Special thanks to Daniel Lindbergh Lang for providing this reflection on his experience at the USCCA's 28th International Conference, "China, Christianity, and the
Attending the 2021 U.S.-China Catholic Association conference has been for me, one grace after another in a hopeful start to engage further with the Church in China.
I’m Catholic, through generations of my dad’s family, Austrian-Americans. I’m Chinese, through my late mother, who immigrated to America in the early ‘90s. Since embracing my faith and learning Chinese as an undergrad, I’ve grown increasingly interested in China’s Church. My interest grew so much that as a college senior, I conducted fieldwork in Taiwan, meeting young parishioners there and embarking right after on the 2019 World Youth Day pilgrimage.
I learned about the USCCA last fall while Googling scholars involved in China’s Church. I asked them how they’d recommend I learn more, and John Lindblom recommended the USCCA. I began attending webinars, starting with Dr. Diane Obenchain’s. Meanwhile, I hoped to return soon overseas for the U.S. Peace Corps Mongolia.
When I heard about the USCCA’s conference, I felt interested but uncertain whether to attend in person. I no longer was affiliated with a school, would be going alone and wouldn’t be presenting. I took a leap of faith. I registered. Then my parish priest Fr. Nathan Mamo called, offered to sponsor me in full and insisted that I participate in everything I could. I gratefully accepted. God set my stage.
I arrived Wednesday evening, settled into the residence hall and wandered Santa Clara University to the Mission Church. I asked Fr. Michael, the executive director, if anyone had dinner plans, since I knew no one. He connected me with Rosie Bai, the board secretary. We got dinner. I felt delighted to learn she was a Catholic from Xi’an, since I’d studied there. After dinner, I received a text from Tom McGuire, the board chair. He invited me to get breakfast with him, where I also met his wife Florence and Frs. Francis Li and John Chen. Soon, I would know many people.
From Mass that Friday evening into the opening keynote, I met people familiar with both the places I'd been, such as Dr. Chiaretto Yan with Shanghai, and the places I hoped to go, such as Kathleen O'Brien with Jilin. That felt wonderful.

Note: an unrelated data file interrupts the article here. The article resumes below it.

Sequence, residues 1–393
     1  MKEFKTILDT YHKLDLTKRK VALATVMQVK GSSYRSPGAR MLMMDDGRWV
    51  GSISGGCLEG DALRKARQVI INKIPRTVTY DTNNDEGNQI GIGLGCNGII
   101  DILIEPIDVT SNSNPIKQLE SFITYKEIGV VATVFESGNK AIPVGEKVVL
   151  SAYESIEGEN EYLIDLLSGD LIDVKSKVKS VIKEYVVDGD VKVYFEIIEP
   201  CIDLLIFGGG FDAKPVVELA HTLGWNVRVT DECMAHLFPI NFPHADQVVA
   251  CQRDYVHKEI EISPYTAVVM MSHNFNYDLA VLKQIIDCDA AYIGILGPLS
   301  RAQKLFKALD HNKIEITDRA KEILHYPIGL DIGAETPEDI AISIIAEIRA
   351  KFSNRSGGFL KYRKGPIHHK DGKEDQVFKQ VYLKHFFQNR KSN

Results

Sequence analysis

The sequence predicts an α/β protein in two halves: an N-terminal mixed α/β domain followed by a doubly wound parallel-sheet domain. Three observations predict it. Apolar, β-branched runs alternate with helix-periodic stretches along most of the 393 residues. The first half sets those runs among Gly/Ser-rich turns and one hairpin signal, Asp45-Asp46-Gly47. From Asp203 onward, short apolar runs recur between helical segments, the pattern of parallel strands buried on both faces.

Throughout the weekend, I enjoyed serendipitous encounters with extraordinary folks, such as with fellow Sir Knight Peter Tan, who was a Master of the Fourth Degree. I felt awed by the approachability of guests and by their candor. Every break we had felt fast, for every person I met shared such unique stories and advice. I could write thousands more words about these moments.
Perhaps my most personally memorable moment occurred during the question-and-answer period of my final session. A virtual participant, Joseph Zhao Yu, mentioned while asking a question that he was in Reno, Nevada—where my parish was. I too was planning to ask a question in that session. So, while asking my question, I introduced myself as also from Reno. Afterward, the panelist Kathy Stout approached me, requesting my WeChat for her friend, who saw us online. Her friend became my friend, and we texted, coordinating to meet. That Thursday, when I returned to my parish to tell my priest about the weekend, I also introduced our parish to my new friend, Joseph. Now we sing tenor together in our music ministry. We hope this fall to help with the USCCA’s Mission Appeal program. The Holy Spirit really brought us together.
In my weeks since the USCCA conference, I have spoken about it with most anyone interested. The conference widened my perspective on hope, despite challenges among believers in China. From sessions and keynotes that weekend, I penned three dozen pages of notes, exchanged contact information with so many people and took plenty more photos.
In my research, as I read pieces about China’s Church, I often smile when I realize I’ve met their authors like Ian Johnson and Drs. Richard Madsen and Michel Chambon. Whatever the Lord has in store for me, His plans are great. I’m glad to grow.